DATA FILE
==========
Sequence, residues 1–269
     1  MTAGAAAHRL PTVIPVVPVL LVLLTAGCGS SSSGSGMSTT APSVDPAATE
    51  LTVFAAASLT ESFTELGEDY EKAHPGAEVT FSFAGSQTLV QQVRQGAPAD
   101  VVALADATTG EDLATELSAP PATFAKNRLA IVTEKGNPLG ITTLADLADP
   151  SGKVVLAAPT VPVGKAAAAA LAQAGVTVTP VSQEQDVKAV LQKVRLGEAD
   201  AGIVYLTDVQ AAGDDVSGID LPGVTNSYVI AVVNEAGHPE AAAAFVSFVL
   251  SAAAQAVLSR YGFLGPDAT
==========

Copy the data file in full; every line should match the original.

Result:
Sequence, residues 1–269
     1  MTAGAAAHRL PTVIPVVPVL LVLLTAGCGS SSSGSGMSTT APSVDPAATE
    51  LTVFAAASLT ESFTELGEDY EKAHPGAEVT FSFAGSQTLV QQVRQGAPAD
   101  VVALADATTG EDLATELSAP PATFAKNRLA IVTEKGNPLG ITTLADLADP
   151  SGKVVLAAPT VPVGKAAAAA LAQAGVTVTP VSQEQDVKAV LQKVRLGEAD
   201  AGIVYLTDVQ AAGDDVSGID LPGVTNSYVI AVVNEAGHPE AAAAFVSFVL
   251  SAAAQAVLSR YGFLGPDAT